OS [on returning from the country to Milan to receive the sacrament of baptism] also the boy Adeodatus, the son of my camkl sin. 
Thou hadst formed him well. He was but just fifteen years old, and he was superior in mind to many grave and learned men. I 
acknowledge Thy gifts, O Lord, my God, who Greatest all, and who canst reform our deformities ; for I had no part in that boy but sin. 
And when we brought him up in Thy nurture. Thou, only Thou, didst prompt us to it ; I acknowledge Thy gifts. There is my book 
entitled, De magistro: he speaks with me there. Thou knowest that all things there put into his mouth were in his mind when he was 
sixteen years of age. That maturity of mind was a terror to me ; and who but Thou is the artificer of such wonders ? Soon Thou didst 
take his life from the earth ; and I think more quietly of him now, fearing no more for his boyhood, nor his youth, nor his whole life. 
We took him to ourselves as one of the same age in Thy grace, to be trained in Thy nurture ; and we were baptised together ; and all 
trouble about the past fled from us." He refers to him also in De vita beata, g 6 : " There was also with us, in age the youngest of all, 
but whose talents, if affection deceives me not, promise something great, my son Adeodatus." In the same book (g z8), he mentions an 
answer of his : ** He is truly chaste who waits on God, and keeps himself to Him only." 

* The books on grammar, dialectics, rhetoric, and the ten Categories of Aristotle, in the Appendix to the first volume of the Bened. 
ed., are spurious. For the genuine works of Augustin on these subjects were written in a different form (the dialogue) and for a higher 
purpose, and were lost in his own day. Comp. Retract. \. c. 6. In spite of this, Prantl {Geschichte der Lo^k in Abendlande, pp. 
665-674, cited by Hubbr, /. c. p. 340) has advocated the genuinencM of the Principia dialectical and Hubbr inclines to agree. Gan- 
gauv, /. e. p. 5, and NotntRissoN, i. p. 37, consider them spurious. 


existence of the soul, and the Platonic idea that the acquisition of knowledge is a recollection or 
excavation of the knowledge hidden in the mind.' The philosopher in him afterwards yielded 
more and more to the theologian, and his views became more positive and empirical, though in 
some cases narrower also and more exclusive. Yet he could never cease to philosophise, and 
even his later works, especially De Trinitate, and De Civitaie Dei, are full of profoimd specula-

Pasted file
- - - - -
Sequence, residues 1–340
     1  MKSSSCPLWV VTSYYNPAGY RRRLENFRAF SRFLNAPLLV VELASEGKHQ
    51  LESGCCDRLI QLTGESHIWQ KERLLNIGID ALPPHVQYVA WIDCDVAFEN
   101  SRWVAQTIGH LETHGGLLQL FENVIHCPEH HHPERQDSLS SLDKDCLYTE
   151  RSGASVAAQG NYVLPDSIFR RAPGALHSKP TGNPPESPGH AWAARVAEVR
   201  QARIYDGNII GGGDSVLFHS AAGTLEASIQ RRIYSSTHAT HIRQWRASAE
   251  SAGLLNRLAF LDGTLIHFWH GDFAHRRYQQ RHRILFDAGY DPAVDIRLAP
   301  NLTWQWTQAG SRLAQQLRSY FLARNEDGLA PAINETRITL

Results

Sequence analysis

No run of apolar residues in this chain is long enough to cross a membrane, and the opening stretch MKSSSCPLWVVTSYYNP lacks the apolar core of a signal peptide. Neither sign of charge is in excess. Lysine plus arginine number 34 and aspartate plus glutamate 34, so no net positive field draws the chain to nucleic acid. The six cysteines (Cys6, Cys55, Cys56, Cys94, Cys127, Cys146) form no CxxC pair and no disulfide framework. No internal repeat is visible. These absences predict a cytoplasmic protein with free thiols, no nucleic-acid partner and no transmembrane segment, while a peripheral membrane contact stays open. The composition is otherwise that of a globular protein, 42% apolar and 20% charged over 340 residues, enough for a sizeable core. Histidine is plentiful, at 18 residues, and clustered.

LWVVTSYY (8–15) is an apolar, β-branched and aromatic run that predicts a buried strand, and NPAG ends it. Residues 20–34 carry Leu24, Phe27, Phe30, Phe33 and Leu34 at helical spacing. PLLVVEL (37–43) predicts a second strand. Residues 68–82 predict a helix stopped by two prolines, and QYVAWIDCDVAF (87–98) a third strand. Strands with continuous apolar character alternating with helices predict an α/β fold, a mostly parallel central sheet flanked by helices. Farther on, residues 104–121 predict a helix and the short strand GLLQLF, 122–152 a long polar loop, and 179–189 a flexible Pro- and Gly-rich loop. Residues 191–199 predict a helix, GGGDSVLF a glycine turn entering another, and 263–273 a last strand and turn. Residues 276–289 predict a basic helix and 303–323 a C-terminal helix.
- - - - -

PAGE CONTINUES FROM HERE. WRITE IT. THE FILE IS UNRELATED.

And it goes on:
tions. Before his conversion he followed a particular system of philosophy, first the Manichaean, 
then the Platonic ; after his conversion he embraced the Christian philosophy, which is based on 
the divine revelation of the Scriptures, and is the handmaid of theology and religion ; but at 
the same time he prepared the way for the catholic ecclesiastical philosophy, which rests on the 
authority of the church, and became complete in the scholasticism of the middle age. 

In the history of philosophy he deserves a place in the highest rank, and has done greater 
service to the science of sciences than any other father, Clement of Alexandria and Origen not 
excepted. He attacked and refuted the pagan philosophy as pantheistic or dualistic at heart ; he 
shook the superstitions of astrology and magic ; he expelled from philosophy the doctrine of 
emanation, and the idea that God is the soul of the world ; he substantially advanced psychology; 
T^e solved the question of the origin and the nature of evil more nearly than any of his predecessors, 
and as nearly as most of his successors ; he was the first to investigate thoroughly the relation of 
divine omnipotence and omniscience to human freedom, and to construct a theodicy ; in short, 
he is properly the founder of a Christian philosophy, and not only divided with Aristotle the 
empire of the mediaeval scholasticism, but furnished also living germs for new systems of philoso- 
phy, and will always be consulted in the speculative discussions of Christian doctrines. 

The philosophical opinions of Augustin are ably and clearly summed up by Ueberweg as 
follows : * 

<* Against the skepticism of the Academics Augustin urges that man needs the knowledge of truth for his hap- 
piness, that it is not enough merely to inquire and to doubt, and he finds a foundation for all our knowledge, a 
foundation invulnerable against every doubt, in the consciousness we have of our sensations, feelings, oiur willing, and 
thinking, in short, of all our psychical processes. From the undeniable existence and possession by man of some 
truth, he concludes to the existence of God as the truth per se ; but our convictfon of the existence of the material 
world he regards as only an irresistible belief. Combating heathen religion and philosophy, Augustin defends the 
doctrines and institutions peculiar to Christianity, and maintains, in particular, against the Neo-PIatoniste, whom he 
rates most highly among all the ancient philosophers, the Christian theses that salvation is to be found in Christ